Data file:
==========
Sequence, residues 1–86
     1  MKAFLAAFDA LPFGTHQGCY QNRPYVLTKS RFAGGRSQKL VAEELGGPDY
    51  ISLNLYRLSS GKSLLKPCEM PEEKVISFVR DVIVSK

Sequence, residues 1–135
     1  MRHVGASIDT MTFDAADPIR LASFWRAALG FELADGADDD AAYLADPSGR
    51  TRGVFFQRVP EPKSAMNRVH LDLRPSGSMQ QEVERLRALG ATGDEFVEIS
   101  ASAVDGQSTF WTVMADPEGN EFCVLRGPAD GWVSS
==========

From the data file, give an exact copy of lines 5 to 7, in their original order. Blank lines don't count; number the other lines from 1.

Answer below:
     1  MRHVGASIDT MTFDAADPIR LASFWRAALG FELADGADDD AAYLADPSGR
    51  TRGVFFQRVP EPKSAMNRVH LDLRPSGSMQ QEVERLRALG ATGDEFVEIS
   101  ASAVDGQSTF WTVMADPEGN EFCVLRGPAD GWVSS